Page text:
Colorado is our home state, and it is one of the BEST places to see fall colors. Even though we both grew up in Colorado, and we've each seen 20+ Colorado falls already in our lives, this year we got extreme FOMO by having been away from Colorado the past three years during its prime fall season. In our three years of full timing, we've screwed up our fall plans 3/3 years. By this, ...
We spent most of September in Utah. Before leaving the Salt Lake area, we hiked Blanche Lake. 6.5 miles with 2,700 feet elevation gain. The elevation gain felt more gradual than I expected and was surprised that we did the hike pretty quick. I didn’t know that the fall colors in Salt Lake and Ogden are so amazing and was in love with the pinks and oranges and rust colors in the bushes, since I’m so used to seeing mostly yellow fall colors in Colorado. We passed quite a few people on the trail that I was not sure looked prepared for such an extensive hike, but we had total solitude at the lake when we got there for a good 15 minutes before anyone else showed up.
Both of us have been to Zion and Bryce as kids, and had the recent urge to go back! We both hiked Angels Landing in our teen years, and didn’t feel the need to do it again, especially because of the photos we’ve seen of the trail being a bumper to bumper traffic jam. So we hiked the Narrows instead, which was new for both of us. If you haven’t done the Narrows, its definitely one to add to the bucket list, because there’s not a lot of other hikes that require you to hike directly in the river.
The Narrows hike starts at the Temple of Sinewava stop from the shuttle. You hike for about a mile on the path along the Virgin River, and when the path ends, you enter the river, and hike for about 2 miles up the river. You can hike longer, but at a certain point you are required to have a backcountry permit. It seemed like most people turned around after 2 miles. A lot of people rent water boots and hiking poles from the local outfitters, but we went directly into the water in our hiking boots, and felt like we had enough grip that we wouldn’t have spent the money on the rental shoes. A hiking stick would make it a lot easier, but we did totally fine and didn’t fall once. In late September, the water was knee high for most of the hike, and waist high for a couple sections. Blake actually wore his Chacos for the first part of the hike, and switched to hiking boots to have more support. The hike weaves in and out of the river, going onto the banks at certain points. We found that if you cross the river in the areas where everyone crosses, the rocks have been worn down of any moss, and are a lot less slippery.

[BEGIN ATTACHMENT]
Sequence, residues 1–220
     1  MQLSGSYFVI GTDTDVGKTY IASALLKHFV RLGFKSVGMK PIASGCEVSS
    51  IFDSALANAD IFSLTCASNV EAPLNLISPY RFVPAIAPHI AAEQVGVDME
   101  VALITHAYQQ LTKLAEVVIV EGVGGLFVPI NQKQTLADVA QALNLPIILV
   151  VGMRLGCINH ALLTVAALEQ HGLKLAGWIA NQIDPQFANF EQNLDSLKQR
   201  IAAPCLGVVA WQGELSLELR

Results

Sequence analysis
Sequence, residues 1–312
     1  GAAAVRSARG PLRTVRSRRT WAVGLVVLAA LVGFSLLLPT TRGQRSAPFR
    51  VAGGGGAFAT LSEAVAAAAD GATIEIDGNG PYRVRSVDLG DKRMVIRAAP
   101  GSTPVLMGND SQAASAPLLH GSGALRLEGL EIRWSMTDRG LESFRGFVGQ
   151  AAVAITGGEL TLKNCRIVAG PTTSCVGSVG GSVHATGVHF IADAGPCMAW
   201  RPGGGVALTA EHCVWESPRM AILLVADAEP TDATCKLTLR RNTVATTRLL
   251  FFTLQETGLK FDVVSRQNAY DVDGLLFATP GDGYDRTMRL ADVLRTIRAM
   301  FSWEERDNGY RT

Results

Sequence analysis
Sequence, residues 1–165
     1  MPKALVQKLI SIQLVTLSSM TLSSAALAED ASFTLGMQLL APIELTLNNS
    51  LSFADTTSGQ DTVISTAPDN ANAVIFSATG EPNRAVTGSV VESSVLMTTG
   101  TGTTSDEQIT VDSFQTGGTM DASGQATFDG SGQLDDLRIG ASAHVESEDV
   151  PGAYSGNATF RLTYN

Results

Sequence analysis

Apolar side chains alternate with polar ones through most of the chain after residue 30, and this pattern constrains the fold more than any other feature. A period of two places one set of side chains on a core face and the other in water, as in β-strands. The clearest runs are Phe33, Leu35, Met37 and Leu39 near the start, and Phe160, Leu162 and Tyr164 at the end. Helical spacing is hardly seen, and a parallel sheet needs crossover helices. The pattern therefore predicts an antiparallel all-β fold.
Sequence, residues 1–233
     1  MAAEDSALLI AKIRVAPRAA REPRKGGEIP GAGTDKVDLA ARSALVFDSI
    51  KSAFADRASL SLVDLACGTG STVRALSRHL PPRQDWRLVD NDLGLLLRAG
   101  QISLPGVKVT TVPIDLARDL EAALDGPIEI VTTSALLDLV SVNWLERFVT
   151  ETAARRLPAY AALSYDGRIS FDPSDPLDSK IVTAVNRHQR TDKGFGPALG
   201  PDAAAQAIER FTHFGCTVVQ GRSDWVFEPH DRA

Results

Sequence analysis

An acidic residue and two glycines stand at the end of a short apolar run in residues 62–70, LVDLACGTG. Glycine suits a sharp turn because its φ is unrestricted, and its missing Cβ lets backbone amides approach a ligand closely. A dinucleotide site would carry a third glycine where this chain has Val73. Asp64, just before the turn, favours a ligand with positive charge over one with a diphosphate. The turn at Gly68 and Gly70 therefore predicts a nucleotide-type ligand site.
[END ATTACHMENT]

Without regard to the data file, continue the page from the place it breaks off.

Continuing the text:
A little before 2 miles, there is a canyon offshoot you can explore – the Orderville canyon, that requires a bit of scrambling in some sections to get around big boulders. We only went a couple hundred feet into this canyon and then continued in the main canyon to where it gets really tall and skinny.
We felt like September was a perfect time to go because the air was still hot and the water was refreshing. You have to get a permit to get on the park shuttle, which become available at 9 am the day before on recreation.gov. Even though we went during the pandemic, the trail was absolutely packed! Not exaggerating, we probably saw 1,000 people on the trail that day.
Bryce in a day:
I don’t even remember visiting Bryce as a kid even though I know I did, so I wanted to see as much of the park in one day as possible. The best way we found to do this was to park at the overflow RV lot near the entrance and hike all the way to Bryce Point through the Queens Garden Trail, Navajo Loop Trail, and half of the Peek-a-boo loop trail. This way we got to see both Sunrise and Sunset points, and the rock formations of Queen Victoria, Wall Street and the Amphitheater, Two Bridges, and the Cathedral. It ended up being about 6-7 miles, 1,500 feet elevation gain, and took 4-5 hours. At Bryce Point, you can take the shuttle back to your car so you don’t have to backtrack. Bryce was pretty crowded, and it ended up still being quite hot, but I was absolutely in love with the red rock formations, and being able to hike down into them. You don’t aways get to get that close to features like this in a national park, but in Bryce you feel like you’re completely surrounded. The views have to be earned though. The best part about Bryce is hiking down into the canyons, which requires some really steep inclines on the way out of the canyon. And then you do it again at the next viewpoint.